A type-declaration defines a new type-identifier to refer to a datatype or a datatype generator. A datatype declaration may be used to accomplish any of the following:
type-declaration = "type" type-identifier [ "(" formal-type-parameter-list ")" ]
"=" [ "new" ] type-definition .
type-identifier = identifier .
formal-type-parameter-list = formal-type-parameter { "," formal-type-parameter } .
formal-type-parameter = formal-parameter-name ":" formal-parameter-type .
formal-parameter-name = identifier .
formal-parameter-type = type-specifier | "type" .
type-definition = type-specifier .
formal-parametric-value = formal-parameter-name .
formal-parametric-type = formal-parameter-name .
Every formal-parameter-name appearing in the formal-type-parameter-list shall appear at least once in the type-definition. Each formal-parameter-name whose formal-parameter-type is a type-specifier shall appear as a formal-parametric-value and each formal-parameter-name whose formal-parameter-type is "type" shall appear as a formal-parametric-type. Except for such occurrences, no value-expression appearing in the type-definition shall be a formal-parametric-value and no type-specifier appearing in the type-definition shall be a formal-parametric-type.
The type-identifier declared in a type-declaration may be referenced in a subsequent use of a type-reference (see See Defined Datatypes ). The formal-type-parameter-list declares the number and required nature of the actual-type-parameters which must appear in a type-reference which references this type-identifier. A type-reference which references this type-identifier may appear in an alternative-type of a choice-type or in the element-type of a pointer-type in the type-definition of this or any preceding type-declaration. In any other case, the type-declaration for the type-identifier shall appear before the first reference to it in a type-reference.
No type-identifier shall be declared more than once in a given context.
What the type-identifier is actually declared to refer to depends on whether the keyword "new" is present and whether the formal-parameter-type "type" is present.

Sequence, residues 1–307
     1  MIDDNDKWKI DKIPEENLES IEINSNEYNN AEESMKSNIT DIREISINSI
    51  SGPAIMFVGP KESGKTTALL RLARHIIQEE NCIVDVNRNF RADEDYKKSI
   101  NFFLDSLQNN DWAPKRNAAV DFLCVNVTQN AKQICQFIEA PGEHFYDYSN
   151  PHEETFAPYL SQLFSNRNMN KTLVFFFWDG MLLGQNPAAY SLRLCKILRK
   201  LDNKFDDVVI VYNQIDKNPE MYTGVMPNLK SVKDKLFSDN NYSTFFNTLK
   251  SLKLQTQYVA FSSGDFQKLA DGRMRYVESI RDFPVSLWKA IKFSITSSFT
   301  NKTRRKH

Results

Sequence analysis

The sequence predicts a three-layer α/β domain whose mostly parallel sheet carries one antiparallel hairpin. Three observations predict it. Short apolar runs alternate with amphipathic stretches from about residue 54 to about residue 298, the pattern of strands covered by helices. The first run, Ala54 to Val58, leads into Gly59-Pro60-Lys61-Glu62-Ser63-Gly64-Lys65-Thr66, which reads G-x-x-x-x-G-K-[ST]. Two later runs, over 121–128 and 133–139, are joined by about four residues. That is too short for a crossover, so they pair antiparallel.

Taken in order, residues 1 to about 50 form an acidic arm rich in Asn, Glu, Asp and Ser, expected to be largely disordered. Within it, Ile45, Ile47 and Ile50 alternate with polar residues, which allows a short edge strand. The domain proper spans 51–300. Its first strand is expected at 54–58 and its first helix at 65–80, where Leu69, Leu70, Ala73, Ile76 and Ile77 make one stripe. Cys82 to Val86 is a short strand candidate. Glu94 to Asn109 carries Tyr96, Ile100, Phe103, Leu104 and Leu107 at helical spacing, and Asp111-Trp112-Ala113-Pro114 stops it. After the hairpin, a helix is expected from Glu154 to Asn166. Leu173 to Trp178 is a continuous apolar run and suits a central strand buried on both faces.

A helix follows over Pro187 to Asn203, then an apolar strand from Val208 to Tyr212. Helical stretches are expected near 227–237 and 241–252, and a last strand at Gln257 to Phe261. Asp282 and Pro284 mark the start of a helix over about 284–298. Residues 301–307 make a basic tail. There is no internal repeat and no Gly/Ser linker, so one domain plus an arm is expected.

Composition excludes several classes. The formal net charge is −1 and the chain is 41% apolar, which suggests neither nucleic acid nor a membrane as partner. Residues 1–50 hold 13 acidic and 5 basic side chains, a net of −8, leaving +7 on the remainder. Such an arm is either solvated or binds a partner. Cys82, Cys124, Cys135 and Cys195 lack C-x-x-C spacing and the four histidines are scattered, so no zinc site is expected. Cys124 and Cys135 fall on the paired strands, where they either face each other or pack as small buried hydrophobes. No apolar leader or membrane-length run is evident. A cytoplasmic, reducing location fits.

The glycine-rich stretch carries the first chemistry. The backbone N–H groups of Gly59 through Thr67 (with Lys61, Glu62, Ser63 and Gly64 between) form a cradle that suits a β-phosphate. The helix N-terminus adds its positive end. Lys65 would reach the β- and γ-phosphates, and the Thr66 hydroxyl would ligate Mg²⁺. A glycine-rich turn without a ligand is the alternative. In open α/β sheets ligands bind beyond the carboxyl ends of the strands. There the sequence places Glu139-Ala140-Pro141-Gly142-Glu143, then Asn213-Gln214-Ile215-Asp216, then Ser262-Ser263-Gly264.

A type-declaration which does not contain the keyword "new" declares the type-identifier to be a synonym for the type-definition. A type-reference referencing the type-identifier refers to the LI datatype identified by the type-definition, after substitution of the actual datatype parameters for the corresponding formal datatype parameters.
A type-declaration which contains the keyword "new" and does not contain the formal-parameter-type "type" is said to be a datatype declaration. It defines the value-space of a new LI datatype, which is distinct from any other LI datatype. If the formal-type-parameter-list is not present, then the type-identifier is declared to identify a single LI datatype. If the formal-type-parameter-list is present, then the type-identifier is declared to identify a family of datatypes parametrized by the formal-type-parameters.
The type-definition defines the value space of the new datatype (family) -- there is a one-to-one correspondence between values of the new datatype and values of the datatype described by the type-definition. The characterizing operations, and any other property of the new datatype which cannot be deduced from the value space, shall be provided along with the type-declaration to complete the definition of the new datatype (family). The characterizing operations may be taken from those of the datatype (family) described by the type-definition directly, or defined by some algorithmic means using those operations.
NOTE -- The purpose of the "new" declaration is to allow both syntactic and semantic distinction between datatypes with identical value spaces. It is not required that the characterizing operations on the new datatype be different from those of the type-definition. A semantic distinction based on application concerns too complex to appear in the basic characterizing operations is possible. For example, acceleration and velocity may have identical computational value spaces and operations (datatype "real") but quite different physical ones.